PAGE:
In the video, Zhang walks us through a typical day in her life of vegan meals. While the plates of fruit-topped oatmeal and colorful curry were certainly posed for the camera, what struck me was how doable each recipe seemed. Take her lunch, for example: avocado and hummus on toast. Why have I never thought of that? I asked myself. It seemed just as convenient as a bowl of mac and cheese.

As I continued watching, I found myself going bug-eyed at the quantity of food in each meal and how tasty it all looked. These dishes weren’t just for show, I realized. They were her actual meals, and they looked amazing.

What else do these girls eat? I wondered…

@dltvo

#FoodPorn, Vegan Style

Immediately, I started searching for more vegan “What I Eat in a Day” videos. YouTube offers an endless wealth of these, I discovered. There is something oddly addictive about them—about watching a thin, smiley-faced human eat her veritable weight in fruit salad, pasta, and potatoes. I spent the entire evening clicking from video to video in awe. How were these girls downing bagfuls of carbs while maintaining such flat stomachs and peppy demeanors? What was this, sorcery?

What I soon learned was that high carb, low fat veganism isn’t the sort of restrictive “diet” most of us are used to. Instead, it’s a lifestyle rooted in abundance. Eat all the fruits, vegetables, and starches you desire; forget the fats. While low-carb diets have been all the rage for over a decade, HCLF vegans call BS. We should be eating easily digestible plant foods, they say. In with the carbs, out with the calorie counting and fatty animal products.

From the look of these vegan vloggers, it was hard to argue with them. I’d never seen anyone appreciate their food as much as they seemed to be as they took their big, sunny bites of sweet potatoes and cantaloupes. Thin, healthy, and happy? I was hooked.

By the end of the night, I’d followed half a dozen vegan Instagram accounts and subscribed to Freelee the Banana Girl, one of YouTube’s most outspoken vegans and author of The Raw Till 4 Diet. “There’s a reason humans love glucose!” she sermonizes in a feisty Australian accent and fitted crop top that reads “30 Bananas a Day.”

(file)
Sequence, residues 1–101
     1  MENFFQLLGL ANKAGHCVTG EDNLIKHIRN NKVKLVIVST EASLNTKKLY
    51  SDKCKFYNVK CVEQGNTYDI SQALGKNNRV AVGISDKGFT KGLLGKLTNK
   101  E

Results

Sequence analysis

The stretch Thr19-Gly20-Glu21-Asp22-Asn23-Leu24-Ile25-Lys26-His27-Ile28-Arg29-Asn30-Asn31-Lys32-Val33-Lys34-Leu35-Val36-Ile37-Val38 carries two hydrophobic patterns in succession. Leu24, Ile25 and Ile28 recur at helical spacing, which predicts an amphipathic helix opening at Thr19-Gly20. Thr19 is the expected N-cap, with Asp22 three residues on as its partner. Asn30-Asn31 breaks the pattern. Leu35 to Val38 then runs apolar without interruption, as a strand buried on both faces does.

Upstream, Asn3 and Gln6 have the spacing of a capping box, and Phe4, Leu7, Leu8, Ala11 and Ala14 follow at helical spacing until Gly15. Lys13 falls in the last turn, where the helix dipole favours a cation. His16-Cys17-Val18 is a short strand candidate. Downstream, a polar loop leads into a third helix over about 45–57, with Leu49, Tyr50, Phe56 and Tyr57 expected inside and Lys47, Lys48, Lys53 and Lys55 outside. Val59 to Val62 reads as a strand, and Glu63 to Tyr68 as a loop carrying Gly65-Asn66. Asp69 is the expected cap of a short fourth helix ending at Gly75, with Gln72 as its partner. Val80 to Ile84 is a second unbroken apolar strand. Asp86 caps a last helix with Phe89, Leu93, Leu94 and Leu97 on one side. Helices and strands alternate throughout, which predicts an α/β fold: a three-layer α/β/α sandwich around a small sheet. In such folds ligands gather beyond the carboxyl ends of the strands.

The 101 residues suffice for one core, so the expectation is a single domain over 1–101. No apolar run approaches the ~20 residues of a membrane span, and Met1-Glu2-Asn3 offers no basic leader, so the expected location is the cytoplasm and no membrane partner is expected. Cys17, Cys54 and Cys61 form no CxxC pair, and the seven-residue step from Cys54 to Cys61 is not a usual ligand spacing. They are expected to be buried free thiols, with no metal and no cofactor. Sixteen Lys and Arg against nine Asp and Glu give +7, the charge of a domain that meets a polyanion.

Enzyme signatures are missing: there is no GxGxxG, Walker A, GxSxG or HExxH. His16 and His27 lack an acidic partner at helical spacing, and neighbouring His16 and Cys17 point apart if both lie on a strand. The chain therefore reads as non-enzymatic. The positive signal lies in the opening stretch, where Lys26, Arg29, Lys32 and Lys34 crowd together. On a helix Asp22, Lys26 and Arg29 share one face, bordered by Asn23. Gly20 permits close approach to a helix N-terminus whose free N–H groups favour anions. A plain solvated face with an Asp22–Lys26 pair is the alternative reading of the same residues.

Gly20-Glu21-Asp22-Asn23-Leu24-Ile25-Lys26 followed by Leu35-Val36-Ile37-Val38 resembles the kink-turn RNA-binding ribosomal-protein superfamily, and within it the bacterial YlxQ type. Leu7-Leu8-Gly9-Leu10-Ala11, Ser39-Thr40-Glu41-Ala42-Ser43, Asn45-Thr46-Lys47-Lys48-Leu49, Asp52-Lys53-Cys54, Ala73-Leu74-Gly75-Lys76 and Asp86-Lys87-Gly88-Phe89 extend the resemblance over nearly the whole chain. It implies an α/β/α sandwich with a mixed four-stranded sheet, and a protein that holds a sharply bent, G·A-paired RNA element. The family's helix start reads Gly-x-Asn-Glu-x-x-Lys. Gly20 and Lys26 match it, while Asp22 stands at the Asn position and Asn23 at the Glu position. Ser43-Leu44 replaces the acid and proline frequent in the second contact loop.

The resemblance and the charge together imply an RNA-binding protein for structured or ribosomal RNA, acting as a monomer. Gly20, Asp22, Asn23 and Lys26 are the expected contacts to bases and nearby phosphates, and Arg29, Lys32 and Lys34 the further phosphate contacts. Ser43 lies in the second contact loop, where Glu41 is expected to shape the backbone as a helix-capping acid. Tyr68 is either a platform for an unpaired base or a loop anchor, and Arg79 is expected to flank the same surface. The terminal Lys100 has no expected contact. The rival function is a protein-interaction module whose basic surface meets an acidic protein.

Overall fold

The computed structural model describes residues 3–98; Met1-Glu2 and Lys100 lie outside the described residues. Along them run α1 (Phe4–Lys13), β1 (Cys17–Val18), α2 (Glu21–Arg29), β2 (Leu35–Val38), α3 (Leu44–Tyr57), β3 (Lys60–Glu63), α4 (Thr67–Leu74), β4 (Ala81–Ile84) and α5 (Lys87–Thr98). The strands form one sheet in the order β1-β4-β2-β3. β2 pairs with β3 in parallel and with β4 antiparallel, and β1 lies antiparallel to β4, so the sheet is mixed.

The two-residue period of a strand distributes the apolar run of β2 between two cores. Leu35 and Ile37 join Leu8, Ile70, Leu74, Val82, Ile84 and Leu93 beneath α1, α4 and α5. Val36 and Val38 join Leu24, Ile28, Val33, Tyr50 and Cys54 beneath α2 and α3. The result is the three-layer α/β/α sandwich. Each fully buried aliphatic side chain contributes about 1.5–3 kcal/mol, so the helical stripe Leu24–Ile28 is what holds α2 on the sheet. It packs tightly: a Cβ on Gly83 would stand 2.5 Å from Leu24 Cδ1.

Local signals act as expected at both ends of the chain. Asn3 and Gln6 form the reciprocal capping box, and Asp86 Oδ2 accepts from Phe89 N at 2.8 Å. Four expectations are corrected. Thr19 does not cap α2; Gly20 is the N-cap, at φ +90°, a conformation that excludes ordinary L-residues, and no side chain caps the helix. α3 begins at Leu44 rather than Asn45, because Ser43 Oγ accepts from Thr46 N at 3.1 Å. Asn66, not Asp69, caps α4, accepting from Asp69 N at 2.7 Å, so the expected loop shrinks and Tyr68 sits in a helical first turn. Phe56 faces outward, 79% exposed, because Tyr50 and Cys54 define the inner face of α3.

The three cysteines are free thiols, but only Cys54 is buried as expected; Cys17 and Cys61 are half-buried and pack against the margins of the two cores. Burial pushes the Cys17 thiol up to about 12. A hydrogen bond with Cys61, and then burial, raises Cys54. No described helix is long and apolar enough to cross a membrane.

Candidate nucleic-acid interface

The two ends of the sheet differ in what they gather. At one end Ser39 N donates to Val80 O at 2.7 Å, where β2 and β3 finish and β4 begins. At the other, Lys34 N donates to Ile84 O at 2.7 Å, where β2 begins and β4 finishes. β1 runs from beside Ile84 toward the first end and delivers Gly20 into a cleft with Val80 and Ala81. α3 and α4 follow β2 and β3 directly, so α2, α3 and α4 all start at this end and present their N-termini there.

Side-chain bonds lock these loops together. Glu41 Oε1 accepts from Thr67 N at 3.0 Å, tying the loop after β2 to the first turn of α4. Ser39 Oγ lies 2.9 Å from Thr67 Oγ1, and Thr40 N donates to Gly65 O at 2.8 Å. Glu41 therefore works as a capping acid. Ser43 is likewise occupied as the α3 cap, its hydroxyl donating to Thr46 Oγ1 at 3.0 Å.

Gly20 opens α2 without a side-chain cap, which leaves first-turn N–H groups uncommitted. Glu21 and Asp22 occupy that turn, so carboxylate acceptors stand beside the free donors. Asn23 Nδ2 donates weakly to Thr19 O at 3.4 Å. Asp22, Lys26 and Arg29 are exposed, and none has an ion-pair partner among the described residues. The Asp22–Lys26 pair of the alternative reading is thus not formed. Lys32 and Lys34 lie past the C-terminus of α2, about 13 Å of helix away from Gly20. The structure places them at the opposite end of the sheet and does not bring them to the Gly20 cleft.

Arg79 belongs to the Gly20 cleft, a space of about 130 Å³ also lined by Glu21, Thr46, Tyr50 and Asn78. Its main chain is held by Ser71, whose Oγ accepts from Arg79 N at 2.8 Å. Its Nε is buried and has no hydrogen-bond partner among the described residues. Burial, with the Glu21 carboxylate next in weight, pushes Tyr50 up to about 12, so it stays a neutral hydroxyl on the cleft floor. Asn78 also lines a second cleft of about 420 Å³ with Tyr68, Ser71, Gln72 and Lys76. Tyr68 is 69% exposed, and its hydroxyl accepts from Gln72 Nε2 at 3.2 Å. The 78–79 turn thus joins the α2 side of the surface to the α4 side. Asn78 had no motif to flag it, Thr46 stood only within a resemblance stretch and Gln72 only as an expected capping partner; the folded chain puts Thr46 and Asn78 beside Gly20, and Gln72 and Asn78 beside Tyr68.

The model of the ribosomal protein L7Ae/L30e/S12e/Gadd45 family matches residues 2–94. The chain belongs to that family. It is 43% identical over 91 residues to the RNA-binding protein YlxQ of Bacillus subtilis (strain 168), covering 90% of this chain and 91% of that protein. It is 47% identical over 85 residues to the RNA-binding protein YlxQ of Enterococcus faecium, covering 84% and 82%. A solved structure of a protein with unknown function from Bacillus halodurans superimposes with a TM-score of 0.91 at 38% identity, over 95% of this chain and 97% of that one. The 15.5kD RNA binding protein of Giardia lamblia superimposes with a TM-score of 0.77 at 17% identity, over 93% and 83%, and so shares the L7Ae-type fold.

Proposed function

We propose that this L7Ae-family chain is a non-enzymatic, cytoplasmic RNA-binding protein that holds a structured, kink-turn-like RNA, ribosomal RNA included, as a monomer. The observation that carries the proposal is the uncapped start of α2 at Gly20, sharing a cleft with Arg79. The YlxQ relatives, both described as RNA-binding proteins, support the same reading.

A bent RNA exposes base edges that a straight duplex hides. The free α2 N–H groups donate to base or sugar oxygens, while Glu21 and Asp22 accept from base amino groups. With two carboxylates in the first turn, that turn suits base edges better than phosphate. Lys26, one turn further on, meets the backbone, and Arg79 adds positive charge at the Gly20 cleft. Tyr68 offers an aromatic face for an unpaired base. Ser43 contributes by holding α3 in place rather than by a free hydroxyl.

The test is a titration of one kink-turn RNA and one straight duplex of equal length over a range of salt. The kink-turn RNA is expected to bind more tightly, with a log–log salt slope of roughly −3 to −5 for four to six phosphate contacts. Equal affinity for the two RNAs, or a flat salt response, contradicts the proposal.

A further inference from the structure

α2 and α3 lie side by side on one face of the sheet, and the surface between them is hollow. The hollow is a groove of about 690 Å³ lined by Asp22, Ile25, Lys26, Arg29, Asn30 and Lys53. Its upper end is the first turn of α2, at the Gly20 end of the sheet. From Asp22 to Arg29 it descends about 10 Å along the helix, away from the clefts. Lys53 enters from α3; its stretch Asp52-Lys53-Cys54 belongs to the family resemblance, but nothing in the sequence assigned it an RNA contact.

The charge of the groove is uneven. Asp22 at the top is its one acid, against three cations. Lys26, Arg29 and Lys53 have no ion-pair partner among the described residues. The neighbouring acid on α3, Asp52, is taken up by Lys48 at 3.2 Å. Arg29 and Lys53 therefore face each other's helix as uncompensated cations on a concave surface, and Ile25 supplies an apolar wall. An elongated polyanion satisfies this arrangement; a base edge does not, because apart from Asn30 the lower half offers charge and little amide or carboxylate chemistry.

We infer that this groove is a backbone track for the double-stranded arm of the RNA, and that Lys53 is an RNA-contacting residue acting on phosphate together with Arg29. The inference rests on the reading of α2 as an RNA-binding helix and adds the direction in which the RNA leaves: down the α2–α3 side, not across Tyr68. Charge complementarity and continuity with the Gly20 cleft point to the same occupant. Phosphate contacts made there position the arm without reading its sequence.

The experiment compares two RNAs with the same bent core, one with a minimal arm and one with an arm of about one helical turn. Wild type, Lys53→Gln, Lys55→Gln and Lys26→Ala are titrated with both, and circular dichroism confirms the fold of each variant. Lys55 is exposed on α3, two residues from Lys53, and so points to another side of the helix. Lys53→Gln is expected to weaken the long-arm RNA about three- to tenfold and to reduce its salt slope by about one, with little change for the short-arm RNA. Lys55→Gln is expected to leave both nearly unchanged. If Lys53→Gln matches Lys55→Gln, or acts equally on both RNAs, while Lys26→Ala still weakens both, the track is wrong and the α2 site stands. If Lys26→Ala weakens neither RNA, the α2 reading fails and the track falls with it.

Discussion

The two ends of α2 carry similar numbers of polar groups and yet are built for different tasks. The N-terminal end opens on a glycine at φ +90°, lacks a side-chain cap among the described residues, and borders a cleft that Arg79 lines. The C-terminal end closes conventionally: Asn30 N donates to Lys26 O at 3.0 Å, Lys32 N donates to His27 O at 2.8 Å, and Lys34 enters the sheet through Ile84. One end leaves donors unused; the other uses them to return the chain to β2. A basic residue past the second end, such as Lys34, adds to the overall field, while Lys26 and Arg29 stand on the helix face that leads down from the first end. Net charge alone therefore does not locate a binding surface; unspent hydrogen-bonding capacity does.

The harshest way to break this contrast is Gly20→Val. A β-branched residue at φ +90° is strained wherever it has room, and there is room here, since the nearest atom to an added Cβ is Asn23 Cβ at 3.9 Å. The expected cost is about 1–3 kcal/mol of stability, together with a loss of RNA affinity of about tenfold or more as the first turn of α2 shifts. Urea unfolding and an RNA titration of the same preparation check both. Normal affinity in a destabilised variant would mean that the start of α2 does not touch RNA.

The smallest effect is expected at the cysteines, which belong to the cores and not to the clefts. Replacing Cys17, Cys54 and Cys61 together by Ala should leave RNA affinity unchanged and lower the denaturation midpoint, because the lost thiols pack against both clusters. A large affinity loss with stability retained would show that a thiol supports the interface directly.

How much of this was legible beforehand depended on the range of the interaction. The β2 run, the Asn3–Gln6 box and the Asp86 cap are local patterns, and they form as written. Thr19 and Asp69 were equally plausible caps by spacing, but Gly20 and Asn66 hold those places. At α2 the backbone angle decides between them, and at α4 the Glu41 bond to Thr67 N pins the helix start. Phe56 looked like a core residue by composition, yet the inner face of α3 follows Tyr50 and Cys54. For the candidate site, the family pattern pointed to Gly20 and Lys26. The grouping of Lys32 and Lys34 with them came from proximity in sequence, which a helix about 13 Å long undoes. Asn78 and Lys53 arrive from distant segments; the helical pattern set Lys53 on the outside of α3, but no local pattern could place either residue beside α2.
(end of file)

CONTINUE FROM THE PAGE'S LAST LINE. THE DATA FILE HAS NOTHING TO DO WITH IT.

Sure, there were still parts of this whole HCLF thing that felt a little extreme to me (consuming 30 bananas a day, for instance). But the underlying logic suddenly seemed crystal clear. Eating cheese made from the milk that’s supposed to grow a baby cow? Not only did it now seem like an obvious recipe for weight gain, it also started to feel biologically twisted. Not to mention unsustainable, considering the commercial dairy industry. Why did I ever eat cheese, again?

I know what you’re thinking: Watch 36 videos preaching the benefits of anything, and you’ll be convinced. But I live my life with a constant eyebrow raised in skepticism; I was not motivated to give in to these skinny strangers on the Internet. And yet I did. Their arguments were sound. Better for the planet, better for my body. I’d made my decision: Tomorrow, I’m going vegan.

@bonnyrebecca

My New Diet: How I Made the Change

Step 1: grocery shopping. I was thrilled by the prospect of getting to eat as much as I wanted, as long as it was plant-based. But in order to do so, I actually had to have it in the house. I wasn’t worried about the cost. I figured I’d actually save money on all the pizza and takeout I wouldn’t be ordering anymore. In fact, I wasn’t really worried about anything. This was going to be easy.

By the time I returned from Trader Joe’s, I had two giant bags of potatoes, a bushel of asparagus, a few cartons of berries, bananas, a loaf of bread, a pile of avocados, and a few bars of vegan chocolate. High carb, indeed.

For the first few days, my veganism was a wild success. I announced my new lifestyle to my co-workers, and every day for breakfast, I’d make myself a bowl of cinnamon oatmeal and a banana. For lunch, Zhang’s famous avocado hummus toast. For dinner, I’d bake up a few potatoes and some asparagus, which I’d wash down with a tall glass of Stevia iced tea and a square of vegan dark chocolate.

Everything was going according to plan. That is, until midway through the week, when a colleague pointed out that the bread I’d been eating wasn’t 100% vegan. Checking the minutia of ingredients lists for things like whey and milk protein had never occurred to me.